Latest Seafarers Happiness Index (SHI) from the Mission to Seafarers reached 7.69/10, reflecting positive progress. Even the historically most problematic areas, such as shore leave and access to welfare ashore, have recovered and this has helped drive the average upwards. However, respondents made it clear further improvements are needed with respect to workload, training and social cohesion.
According to the data, most aspects of sea life are trending upwards than they have in the past year. However, it was noticeable that a significant number of seafarers appeared to have recently switched employer or trading patterns.
From the responses we received there seems to have been a surge in seafarers switching jobs. As such there was more talk involving short sea or even inland waterways, reflecting the new trades that some have switched to.
According to feedback, seafarers decided to move jobs to either sail closer to home in the event of additional travel restrictions, or to better ensure trip rosters and schedules could be maintained.
The Mission to Seafarers also heard from a number of seafarers new to the industry – both as trainees or crew. These seem to be from nations which were traditionally not major maritime labour markets, with the likes of Pakistan, Bangladesh and Sri Lanka coming to the fore. As in previous reports, crew members continued to express their relief at the return of freedom of movement, as well as their increased sense of certainty and stability.
Despite the positive data, there are still issues that need to be fixed, and although seafarers appear to be more optimistic than we have previously seen, there remain persistent issues, such as workload, mental health impacts, and the stresses of a difficult job to contend with.
… the report highlights
Connectivity was the only area in which there was a decline this time around. Quality and cost are still a concern, and there is a growing demand for free or inexpensive access. The demand for faster and better quality access also reflects this.
The message remained the same in so many responses: “we want free access to the internet”. Additionally, seafarers have a strong desire for better access to high quality entertainment and content. In keeping with the trend ashore to stream content there is a growing demand for the same access at sea. Indeed, the days of straining shelves full of counterfeit DVDs appearing to be over, and seafarers want a more modern approach to onboard entertainment.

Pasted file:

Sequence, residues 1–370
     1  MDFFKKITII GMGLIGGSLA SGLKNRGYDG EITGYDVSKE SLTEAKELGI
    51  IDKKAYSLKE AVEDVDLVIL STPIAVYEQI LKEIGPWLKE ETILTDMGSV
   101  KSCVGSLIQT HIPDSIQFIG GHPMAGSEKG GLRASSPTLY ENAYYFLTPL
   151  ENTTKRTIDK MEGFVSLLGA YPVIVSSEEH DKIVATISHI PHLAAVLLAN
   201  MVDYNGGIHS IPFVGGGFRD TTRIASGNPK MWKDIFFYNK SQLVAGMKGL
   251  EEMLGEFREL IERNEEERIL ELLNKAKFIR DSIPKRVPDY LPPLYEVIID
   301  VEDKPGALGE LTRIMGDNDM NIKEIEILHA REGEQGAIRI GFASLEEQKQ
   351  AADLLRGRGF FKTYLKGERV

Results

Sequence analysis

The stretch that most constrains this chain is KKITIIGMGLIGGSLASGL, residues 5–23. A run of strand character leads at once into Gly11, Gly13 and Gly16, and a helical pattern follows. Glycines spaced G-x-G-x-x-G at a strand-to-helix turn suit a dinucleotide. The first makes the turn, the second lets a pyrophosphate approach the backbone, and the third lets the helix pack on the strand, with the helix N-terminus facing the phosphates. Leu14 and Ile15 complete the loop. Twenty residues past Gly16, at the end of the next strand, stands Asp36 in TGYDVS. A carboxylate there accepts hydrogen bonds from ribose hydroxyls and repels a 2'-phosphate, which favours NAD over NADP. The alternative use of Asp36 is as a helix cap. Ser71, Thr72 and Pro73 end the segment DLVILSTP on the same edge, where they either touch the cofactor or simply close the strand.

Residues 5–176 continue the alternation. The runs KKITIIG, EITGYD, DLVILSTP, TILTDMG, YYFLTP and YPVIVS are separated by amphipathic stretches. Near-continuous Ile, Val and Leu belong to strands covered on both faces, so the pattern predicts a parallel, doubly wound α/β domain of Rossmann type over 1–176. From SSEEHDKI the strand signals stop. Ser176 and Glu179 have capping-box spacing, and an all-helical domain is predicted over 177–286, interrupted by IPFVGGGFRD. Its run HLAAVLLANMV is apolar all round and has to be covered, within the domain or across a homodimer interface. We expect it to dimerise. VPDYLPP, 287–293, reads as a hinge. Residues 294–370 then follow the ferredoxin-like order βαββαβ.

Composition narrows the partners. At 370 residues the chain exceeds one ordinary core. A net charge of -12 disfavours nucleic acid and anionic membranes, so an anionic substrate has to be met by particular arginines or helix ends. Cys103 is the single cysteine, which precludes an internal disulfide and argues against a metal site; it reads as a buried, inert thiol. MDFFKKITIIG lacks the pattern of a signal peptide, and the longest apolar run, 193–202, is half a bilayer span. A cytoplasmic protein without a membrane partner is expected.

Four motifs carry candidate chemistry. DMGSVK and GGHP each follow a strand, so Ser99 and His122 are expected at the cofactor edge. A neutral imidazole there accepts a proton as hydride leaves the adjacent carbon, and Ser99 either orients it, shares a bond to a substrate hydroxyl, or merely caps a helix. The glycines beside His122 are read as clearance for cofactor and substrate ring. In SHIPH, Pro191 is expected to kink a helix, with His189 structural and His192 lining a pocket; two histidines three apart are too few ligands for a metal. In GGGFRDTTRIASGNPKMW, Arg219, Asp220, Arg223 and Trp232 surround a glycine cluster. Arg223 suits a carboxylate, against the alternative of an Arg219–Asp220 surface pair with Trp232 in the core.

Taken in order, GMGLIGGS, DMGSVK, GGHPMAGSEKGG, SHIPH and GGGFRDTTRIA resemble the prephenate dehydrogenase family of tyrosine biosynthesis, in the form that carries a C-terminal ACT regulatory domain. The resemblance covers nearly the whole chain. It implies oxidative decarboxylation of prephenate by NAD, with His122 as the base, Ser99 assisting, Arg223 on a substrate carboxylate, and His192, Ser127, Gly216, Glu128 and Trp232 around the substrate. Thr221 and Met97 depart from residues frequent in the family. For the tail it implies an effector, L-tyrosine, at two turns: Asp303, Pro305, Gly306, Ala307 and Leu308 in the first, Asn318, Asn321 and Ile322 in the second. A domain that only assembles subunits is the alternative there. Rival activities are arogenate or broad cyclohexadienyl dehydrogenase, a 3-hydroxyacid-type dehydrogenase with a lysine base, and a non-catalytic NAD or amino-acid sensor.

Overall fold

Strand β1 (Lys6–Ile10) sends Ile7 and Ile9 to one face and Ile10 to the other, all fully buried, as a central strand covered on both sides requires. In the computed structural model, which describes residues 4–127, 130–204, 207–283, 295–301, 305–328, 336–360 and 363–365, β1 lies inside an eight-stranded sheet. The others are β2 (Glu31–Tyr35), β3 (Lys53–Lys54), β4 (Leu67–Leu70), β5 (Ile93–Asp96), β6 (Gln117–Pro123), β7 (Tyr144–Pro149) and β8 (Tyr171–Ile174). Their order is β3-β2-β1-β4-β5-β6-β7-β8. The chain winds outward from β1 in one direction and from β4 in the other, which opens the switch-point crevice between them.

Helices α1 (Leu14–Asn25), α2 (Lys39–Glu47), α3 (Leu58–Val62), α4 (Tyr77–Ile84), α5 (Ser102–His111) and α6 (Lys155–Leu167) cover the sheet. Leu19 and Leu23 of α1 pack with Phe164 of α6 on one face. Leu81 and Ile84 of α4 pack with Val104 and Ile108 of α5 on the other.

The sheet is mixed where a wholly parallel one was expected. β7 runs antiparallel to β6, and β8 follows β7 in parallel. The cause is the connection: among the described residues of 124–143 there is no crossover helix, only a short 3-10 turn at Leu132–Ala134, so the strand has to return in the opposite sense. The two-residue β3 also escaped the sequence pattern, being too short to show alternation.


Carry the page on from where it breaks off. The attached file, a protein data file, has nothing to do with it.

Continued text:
Access to shore leave
Shore leave is more than just a problem about getting off the ship; it has developed into a sense of conflict and something of a power struggle. We are seeing that seafarers do not necessarily always want to go ashore, indeed they frequently don’t – not least because of cost and work load. They do, however, want to feel that they can make their own decisions, and so want to feel more certain of their options, and have a sense of choice.
So seafarers feel deprived of the opportunities for recreation and relaxation they ought to have, and there is frustration about having to pay over the odds to get ashore, or to even have to “beg” officials, superiors or employers for shore leave. There is a feeling that access to shore leave should be a right and a choice, not seen as some kind of benefit.
The issue of wages/salaries has risen ever so slightly across the year, though seems based more on the sense of relief of getting paid at all in such turbulent times, rather than the rates of pay. As stated by one seafarer:
“The money I earn has become even more important as many jobs have been lost in my home country”. This sentiment perhaps captures the overlooked reality for many seafarers, that they bear the weight of so much for their families and communities. During the past couple of years, as many seafarers’ family members have had to adapt to a pandemic and search out new opportunities, it has been the seafarers who have often continued to be providers. This is a burden proudly borne by many, and seafarers often tell us of the pride they have in providing.
It was seen over these most trying times, that food and the routine of meals on board took on even greater importance and significance. The dining experience, the social elements, as well as nutrition, have all come to the fore. Fortunately, it appears that happiness levels have been rising, and the food has continued to be well received by many respondent.
However, there were also critics, one of whom stated: “The food quality on board is getting worse and worse.” As global inflation increases, budgets are constrained, and suppliers select low-quality food for vessels in order to maximise profits, meaning that seafarers consume a lot of junk food.
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